It’s a beautiful day in the Northwest, but we’re taking you to Atlanta, Georgia for our live coverage of Netroots Nation 2017. For the closing plenary this evening, attendees are hearing from former Vice President Al Gore, labor leader Dolores Huerta, civil rights leader Rev. Dr. Gerald Durley, NextGen America founder Tom Steyer and DACA recipient Pamela Chomba.
Starting the evening, Angel Kyodo Williams brought the audience together, urging for healthy disagreement, an emphasis on love and the voices of the people, and clear minds. By stating, “We move together with love and with justice.”, she beautifully called for unity and prepared the audience to not only listen to the closing speakers, but to move forward as a movement.
Netroots announced a vigil after the plenary in honor of a counter-protester who died following the “Unite the Right” white supremacist march in Charlottesville, Virginia this afternoon.
Rev. Dr. Gerald Durley came out, following the announcement, and led the crowd in a moment of silence to reflect on those killed or injured in Virginia this afternoon. Durley reflected on his work with MLK, noting that 57 years later, we are still in the same struggle so many years ago.
Quoting the preamble, Durley called out the President and his administration by stating that “we the people” have been put on the back burner, even stating that the country is run by men “who know the cost of everything and the value of nothing”. Durley went on to empower the room by asking, “Are you sick and tired of being sick and tired?” If so, he said, it is time to stand against, resist the opposition, and sacrifice.
In his closing, Durley delivered a riveting explanation of his phrase, “Our resistance must be persistence”, and shared that the environment is his new battle to wage as a fighter of justice.
Next up, the room welcomed Tom Steyer, founder of NextGen America. Steyer also called out the administration for framing the discussion around, “Who is American? Who is worthy of diginity? Who is human?” while refocusing on the history of how these questions were answered in American history and acknowledging the significant names that redefined the answers to those questions in this nation.
Steyer noted that our democracy has been corrupted by corporate interests, mentioning issues from the Dakota Access Pipeline to the predatory practices of pharmaceutical companies.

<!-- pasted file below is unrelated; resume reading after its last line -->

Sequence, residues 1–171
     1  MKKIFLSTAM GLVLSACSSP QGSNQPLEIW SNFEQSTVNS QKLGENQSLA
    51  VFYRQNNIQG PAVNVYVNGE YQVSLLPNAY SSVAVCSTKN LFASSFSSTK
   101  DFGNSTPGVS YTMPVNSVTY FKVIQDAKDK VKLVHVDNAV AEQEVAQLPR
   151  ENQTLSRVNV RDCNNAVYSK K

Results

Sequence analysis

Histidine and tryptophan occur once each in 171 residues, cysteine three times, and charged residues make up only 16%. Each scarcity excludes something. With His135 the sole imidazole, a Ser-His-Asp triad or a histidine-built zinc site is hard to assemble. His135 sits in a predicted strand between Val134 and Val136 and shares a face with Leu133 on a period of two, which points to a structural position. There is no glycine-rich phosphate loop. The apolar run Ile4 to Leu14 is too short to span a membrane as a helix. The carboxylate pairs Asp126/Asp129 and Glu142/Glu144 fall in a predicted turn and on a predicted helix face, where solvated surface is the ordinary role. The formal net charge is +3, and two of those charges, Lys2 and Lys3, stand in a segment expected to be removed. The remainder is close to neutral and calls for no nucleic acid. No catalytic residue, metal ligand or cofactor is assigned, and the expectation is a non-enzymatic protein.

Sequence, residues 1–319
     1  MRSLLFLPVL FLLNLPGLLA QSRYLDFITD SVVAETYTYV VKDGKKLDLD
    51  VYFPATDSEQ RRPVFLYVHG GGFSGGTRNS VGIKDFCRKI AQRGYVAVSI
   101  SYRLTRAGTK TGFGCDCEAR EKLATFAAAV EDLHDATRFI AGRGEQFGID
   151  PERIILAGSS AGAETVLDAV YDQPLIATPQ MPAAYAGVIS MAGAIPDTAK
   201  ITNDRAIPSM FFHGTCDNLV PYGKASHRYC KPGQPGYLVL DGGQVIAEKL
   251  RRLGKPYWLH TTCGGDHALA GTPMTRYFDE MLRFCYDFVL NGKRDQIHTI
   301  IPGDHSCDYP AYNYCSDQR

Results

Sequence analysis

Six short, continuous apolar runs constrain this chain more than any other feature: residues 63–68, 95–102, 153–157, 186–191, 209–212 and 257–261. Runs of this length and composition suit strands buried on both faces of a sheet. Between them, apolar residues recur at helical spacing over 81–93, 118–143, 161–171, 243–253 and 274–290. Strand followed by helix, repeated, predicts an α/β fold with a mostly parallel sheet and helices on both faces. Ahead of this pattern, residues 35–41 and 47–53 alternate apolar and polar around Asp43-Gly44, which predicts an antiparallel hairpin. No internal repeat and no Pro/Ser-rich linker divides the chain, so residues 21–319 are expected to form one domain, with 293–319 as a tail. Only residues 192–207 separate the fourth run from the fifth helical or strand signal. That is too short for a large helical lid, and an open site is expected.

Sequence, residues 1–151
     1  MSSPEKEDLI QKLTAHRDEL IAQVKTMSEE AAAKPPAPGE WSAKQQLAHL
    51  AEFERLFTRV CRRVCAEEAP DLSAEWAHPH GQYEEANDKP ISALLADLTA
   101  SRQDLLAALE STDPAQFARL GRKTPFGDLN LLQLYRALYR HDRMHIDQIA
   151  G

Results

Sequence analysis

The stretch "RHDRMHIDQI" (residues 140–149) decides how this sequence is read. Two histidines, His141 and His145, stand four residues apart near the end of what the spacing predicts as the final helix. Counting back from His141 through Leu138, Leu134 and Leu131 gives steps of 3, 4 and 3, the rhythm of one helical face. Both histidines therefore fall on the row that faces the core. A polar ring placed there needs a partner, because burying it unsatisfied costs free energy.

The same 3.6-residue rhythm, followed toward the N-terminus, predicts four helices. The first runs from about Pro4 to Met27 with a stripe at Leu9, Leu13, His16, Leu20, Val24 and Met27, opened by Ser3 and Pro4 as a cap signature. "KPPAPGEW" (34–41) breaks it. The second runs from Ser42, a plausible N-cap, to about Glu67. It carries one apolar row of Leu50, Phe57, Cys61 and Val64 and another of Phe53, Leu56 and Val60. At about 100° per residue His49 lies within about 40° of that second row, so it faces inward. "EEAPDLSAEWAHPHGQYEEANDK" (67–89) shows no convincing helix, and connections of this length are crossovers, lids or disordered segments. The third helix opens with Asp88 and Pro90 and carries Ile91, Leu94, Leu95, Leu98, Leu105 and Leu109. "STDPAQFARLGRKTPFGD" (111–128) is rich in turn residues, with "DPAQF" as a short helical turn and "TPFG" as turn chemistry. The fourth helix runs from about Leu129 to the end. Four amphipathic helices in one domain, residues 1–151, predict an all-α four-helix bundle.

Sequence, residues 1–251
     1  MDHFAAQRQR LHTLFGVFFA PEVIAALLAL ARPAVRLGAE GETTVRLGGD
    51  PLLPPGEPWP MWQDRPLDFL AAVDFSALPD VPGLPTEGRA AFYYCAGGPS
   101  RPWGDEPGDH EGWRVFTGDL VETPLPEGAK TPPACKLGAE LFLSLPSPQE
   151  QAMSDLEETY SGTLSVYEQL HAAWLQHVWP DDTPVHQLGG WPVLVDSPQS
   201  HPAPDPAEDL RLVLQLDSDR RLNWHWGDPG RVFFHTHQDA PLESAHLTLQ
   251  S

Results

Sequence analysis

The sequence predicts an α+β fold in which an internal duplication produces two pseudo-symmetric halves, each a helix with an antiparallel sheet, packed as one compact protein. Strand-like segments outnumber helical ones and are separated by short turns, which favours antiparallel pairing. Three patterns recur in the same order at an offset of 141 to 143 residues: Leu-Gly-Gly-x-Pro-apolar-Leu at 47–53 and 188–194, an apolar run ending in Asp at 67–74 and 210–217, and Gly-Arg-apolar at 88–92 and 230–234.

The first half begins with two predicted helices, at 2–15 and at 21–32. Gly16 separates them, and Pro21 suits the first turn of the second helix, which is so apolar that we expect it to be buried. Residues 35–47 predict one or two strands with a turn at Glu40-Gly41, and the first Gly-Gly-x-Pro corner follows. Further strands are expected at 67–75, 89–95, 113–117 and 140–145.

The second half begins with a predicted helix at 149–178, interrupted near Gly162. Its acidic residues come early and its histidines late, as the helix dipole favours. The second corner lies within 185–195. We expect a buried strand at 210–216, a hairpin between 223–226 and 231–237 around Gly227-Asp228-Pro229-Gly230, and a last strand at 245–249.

He moved on to suggesting a game plan, starting with investing in the American people through universal healthcare and education.
Secondly, he stated we need to protect citizen’s rights by ensuring the protection of voter’s rights, labor unions, people of color, immigrants, and LGBTQIA+.
Thirdly, Steyer urged the audience to reclaim a clean America, while noting that failure to act on climate change will not only make us healthier, but will get people higher wages and better jobs.
Following Steyer, Pamela Chomba took the stage, starting with her personal account of ICE coming to her door, with guns and SWAT agents. “I’m muslim, undocumented, Latinx, and I am unsafe”, Chomba stated, “I’m unsafe.”
She said that as a DACA recipient, she felt safe, but under the new administration, DACA recipients are now being detained. “As activists we shout, ‘undocumented and unafraid’, but I am so afraid.”, she stated in tears.
She noted that killing the DACA, as many Republicans have suggested, would take 8,000 workers and thousands of homeowners out of the American economy. Chomba went on to say that immigrants from Haiti, South America, and Mexico are in danger, and that our leaders want to recreate the country in their image.
She then introduced Dolores Huerta to the stage. Huerta stated that, “Racism comes from the stain of slavery on our history.” But that all humans are from Africa, and that the KKK could do be reminded of that.